By Lisa Fary
In the late summer of 2008, we started seeing black helicopters flying over our city with no explanation. We were anxious for the election while being completely paranoid that the election wouldn’t happen for some national emergency. The helicopters only intensified those paranoid thoughts and led us into dark conversations on our nightly walks. What would we do if we found ourselves in the hell of martial law, beat down by a malicious, organized power?
I liked to think that I’d take the road of dissent and rebellion, but in reality, I’d probably just keep my head down and do what was necessary to survive. I’m not proud of that.
The graphic novel, written by Adam Rapp and drawn by George O’Connor, is claustrophobically centered on two filthy rooms in a deteriorating city beaten down by war and plague. In one room is Welton and Aaron, a musician and a novelist. In the other is Exley and Horlick, an actress and an urchin.
There’s a shadowy group called the Syndicate that is performing some sort of ethnic cleansing and all of these characters are drawn into it. Not because they want to be. Not because they believe in the cause. But because they have no more resolve to fight. Just living in this environment is enough of a daily fight.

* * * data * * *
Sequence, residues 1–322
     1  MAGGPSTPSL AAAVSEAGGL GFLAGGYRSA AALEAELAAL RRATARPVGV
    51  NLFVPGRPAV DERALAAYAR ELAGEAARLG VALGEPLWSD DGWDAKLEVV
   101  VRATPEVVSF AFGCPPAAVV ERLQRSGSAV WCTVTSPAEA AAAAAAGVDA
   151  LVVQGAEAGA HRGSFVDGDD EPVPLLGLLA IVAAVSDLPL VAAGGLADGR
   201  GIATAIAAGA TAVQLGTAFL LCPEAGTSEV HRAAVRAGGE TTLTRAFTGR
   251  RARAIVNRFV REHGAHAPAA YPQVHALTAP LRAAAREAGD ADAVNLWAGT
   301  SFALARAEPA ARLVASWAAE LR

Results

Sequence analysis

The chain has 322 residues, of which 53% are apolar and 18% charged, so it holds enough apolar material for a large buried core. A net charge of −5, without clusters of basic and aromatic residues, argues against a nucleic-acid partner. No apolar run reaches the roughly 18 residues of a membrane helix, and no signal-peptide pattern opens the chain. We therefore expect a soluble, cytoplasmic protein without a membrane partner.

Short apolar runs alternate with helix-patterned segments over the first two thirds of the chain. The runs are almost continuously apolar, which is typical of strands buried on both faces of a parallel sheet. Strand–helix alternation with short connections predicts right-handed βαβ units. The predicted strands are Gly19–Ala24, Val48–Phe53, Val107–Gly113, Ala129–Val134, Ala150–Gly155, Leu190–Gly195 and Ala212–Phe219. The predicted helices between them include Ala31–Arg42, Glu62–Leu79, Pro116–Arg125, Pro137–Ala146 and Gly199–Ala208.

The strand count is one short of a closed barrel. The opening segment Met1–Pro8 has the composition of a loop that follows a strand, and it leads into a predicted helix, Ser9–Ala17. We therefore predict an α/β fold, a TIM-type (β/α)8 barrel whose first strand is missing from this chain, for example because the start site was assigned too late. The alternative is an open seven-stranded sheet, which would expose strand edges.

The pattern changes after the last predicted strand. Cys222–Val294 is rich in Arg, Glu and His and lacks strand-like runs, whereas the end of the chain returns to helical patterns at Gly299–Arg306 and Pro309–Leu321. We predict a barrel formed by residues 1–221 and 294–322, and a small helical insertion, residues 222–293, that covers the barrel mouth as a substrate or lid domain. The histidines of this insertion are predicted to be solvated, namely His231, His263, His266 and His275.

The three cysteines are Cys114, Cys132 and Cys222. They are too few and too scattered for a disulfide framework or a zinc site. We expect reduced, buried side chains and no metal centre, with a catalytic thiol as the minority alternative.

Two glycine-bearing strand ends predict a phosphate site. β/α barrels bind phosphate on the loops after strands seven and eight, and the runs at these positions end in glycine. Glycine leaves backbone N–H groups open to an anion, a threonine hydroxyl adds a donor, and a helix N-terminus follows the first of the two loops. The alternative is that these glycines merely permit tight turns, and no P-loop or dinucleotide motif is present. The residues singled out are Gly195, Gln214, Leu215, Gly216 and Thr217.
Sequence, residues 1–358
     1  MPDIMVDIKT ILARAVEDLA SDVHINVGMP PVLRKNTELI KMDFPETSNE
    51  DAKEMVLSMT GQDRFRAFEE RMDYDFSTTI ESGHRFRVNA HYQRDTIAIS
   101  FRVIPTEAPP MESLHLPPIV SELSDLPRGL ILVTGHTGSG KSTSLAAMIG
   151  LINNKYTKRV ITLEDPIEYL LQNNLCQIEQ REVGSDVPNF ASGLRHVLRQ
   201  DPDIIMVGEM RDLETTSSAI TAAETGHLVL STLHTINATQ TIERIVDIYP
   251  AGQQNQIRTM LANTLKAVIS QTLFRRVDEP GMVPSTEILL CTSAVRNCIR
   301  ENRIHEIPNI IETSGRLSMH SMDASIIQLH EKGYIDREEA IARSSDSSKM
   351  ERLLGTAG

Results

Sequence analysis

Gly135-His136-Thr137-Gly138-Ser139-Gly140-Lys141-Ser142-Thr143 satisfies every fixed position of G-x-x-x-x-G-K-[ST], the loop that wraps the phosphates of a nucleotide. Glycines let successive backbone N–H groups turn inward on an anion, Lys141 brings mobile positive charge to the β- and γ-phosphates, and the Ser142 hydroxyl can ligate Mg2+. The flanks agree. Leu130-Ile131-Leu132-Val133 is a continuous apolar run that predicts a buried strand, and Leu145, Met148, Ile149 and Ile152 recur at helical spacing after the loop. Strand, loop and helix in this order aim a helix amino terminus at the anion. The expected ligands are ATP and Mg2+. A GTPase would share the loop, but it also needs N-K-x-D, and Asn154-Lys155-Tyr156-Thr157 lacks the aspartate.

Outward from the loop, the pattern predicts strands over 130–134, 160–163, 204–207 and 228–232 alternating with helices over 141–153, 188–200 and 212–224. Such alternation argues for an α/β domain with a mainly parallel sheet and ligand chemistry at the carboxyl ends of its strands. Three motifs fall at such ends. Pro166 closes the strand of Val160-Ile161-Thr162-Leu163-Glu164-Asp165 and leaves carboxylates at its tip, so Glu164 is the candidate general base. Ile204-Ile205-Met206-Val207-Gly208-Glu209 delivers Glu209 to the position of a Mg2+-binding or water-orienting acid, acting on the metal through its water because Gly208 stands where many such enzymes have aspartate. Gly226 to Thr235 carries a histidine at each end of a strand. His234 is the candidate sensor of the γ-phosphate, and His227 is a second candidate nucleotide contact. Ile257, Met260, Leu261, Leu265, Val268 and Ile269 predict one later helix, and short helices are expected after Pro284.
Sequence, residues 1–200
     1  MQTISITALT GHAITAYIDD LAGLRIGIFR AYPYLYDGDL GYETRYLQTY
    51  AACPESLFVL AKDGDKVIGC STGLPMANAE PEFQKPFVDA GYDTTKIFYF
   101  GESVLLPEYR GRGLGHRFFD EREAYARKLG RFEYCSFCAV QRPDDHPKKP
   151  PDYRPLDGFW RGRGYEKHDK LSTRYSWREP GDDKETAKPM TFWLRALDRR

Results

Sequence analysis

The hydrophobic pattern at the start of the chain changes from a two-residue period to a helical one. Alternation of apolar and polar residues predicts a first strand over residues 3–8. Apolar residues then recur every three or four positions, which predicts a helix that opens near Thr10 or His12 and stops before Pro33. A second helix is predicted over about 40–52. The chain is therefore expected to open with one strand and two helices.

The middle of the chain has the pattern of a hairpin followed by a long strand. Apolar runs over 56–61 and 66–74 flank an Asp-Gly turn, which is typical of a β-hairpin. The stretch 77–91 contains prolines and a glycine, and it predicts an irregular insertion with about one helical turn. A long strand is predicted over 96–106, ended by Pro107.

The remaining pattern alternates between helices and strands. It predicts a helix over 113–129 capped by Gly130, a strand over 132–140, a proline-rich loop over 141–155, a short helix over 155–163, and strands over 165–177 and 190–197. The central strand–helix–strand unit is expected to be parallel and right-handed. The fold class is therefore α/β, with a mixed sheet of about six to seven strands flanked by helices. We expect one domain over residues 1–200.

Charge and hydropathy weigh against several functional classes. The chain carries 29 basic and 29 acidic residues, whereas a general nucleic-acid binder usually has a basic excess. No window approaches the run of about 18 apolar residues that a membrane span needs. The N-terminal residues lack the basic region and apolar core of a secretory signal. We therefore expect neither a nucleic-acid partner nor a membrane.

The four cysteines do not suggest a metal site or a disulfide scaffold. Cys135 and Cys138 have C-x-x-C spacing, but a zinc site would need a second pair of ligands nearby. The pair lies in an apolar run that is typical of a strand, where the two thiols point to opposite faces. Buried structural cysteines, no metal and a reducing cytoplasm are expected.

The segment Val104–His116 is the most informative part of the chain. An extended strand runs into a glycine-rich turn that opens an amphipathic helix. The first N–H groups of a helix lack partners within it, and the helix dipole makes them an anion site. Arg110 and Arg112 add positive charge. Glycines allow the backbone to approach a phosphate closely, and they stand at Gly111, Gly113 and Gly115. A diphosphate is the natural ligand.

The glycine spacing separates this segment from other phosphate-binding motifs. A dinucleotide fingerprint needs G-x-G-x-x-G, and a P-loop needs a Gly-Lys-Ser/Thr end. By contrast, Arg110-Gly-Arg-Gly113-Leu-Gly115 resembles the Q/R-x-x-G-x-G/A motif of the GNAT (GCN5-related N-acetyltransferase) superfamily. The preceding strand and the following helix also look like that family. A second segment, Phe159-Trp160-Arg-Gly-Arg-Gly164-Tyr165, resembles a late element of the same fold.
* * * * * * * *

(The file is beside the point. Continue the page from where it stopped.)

It’s frightening how easily they all do what’s expected, although it burns them to the bone. The characters continue to self-identify as artists and to create art as best they can. One can ask why, but it seems obvious: their art is all that’s left of their humanity.
I get the feeling that I’m intended to like Ball Peen Hammer because it’s, as stated on the cover, a “meditation on art and human nature,” a thought provoking discourse on what it means to be an artist at the end of the world.
I don’t feel quite right saying that I liked Ball Peen Hammer. It’s too dark and quietly horrific to constitute enjoyment in the same way I enjoy a David Lynch film. The best comparison that comes to mind is that I liked Ball Peen Hammer the way I liked the French horror film Martyrs: deeply disturbing, but I can’t look away from what it says about human nature.
Lisa Fary is a graduate of the creative writing program at Florida State University and holds an advanced degree in Special Education. Her earliest influences are Princess Leia, Rainbow Bright, Astronaut Barbie, and her 6th grade teacher, Ms. Palmer. She’s angry that it’s almost 2010 and she still doesn’t have a hovercraft, but will accept a jetpack as consolation. That jetpack had better be pink with a rhinestone monogram.